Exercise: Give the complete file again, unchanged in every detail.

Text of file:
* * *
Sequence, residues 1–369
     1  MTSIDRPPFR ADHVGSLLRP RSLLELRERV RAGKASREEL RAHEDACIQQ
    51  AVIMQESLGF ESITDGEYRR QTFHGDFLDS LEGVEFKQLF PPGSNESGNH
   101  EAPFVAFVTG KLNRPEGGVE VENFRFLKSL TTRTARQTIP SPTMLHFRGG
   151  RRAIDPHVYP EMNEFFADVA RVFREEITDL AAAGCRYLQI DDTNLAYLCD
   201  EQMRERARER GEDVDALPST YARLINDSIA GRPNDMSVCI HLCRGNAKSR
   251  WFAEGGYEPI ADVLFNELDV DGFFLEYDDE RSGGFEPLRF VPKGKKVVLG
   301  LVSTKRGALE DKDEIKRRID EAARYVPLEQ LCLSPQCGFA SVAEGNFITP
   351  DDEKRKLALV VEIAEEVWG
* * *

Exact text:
Sequence, residues 1–369
     1  MTSIDRPPFR ADHVGSLLRP RSLLELRERV RAGKASREEL RAHEDACIQQ
    51  AVIMQESLGF ESITDGEYRR QTFHGDFLDS LEGVEFKQLF PPGSNESGNH
   101  EAPFVAFVTG KLNRPEGGVE VENFRFLKSL TTRTARQTIP SPTMLHFRGG
   151  RRAIDPHVYP EMNEFFADVA RVFREEITDL AAAGCRYLQI DDTNLAYLCD
   201  EQMRERARER GEDVDALPST YARLINDSIA GRPNDMSVCI HLCRGNAKSR
   251  WFAEGGYEPI ADVLFNELDV DGFFLEYDDE RSGGFEPLRF VPKGKKVVLG
   301  LVSTKRGALE DKDEIKRRID EAARYVPLEQ LCLSPQCGFA SVAEGNFITP
   351  DDEKRKLALV VEIAEEVWG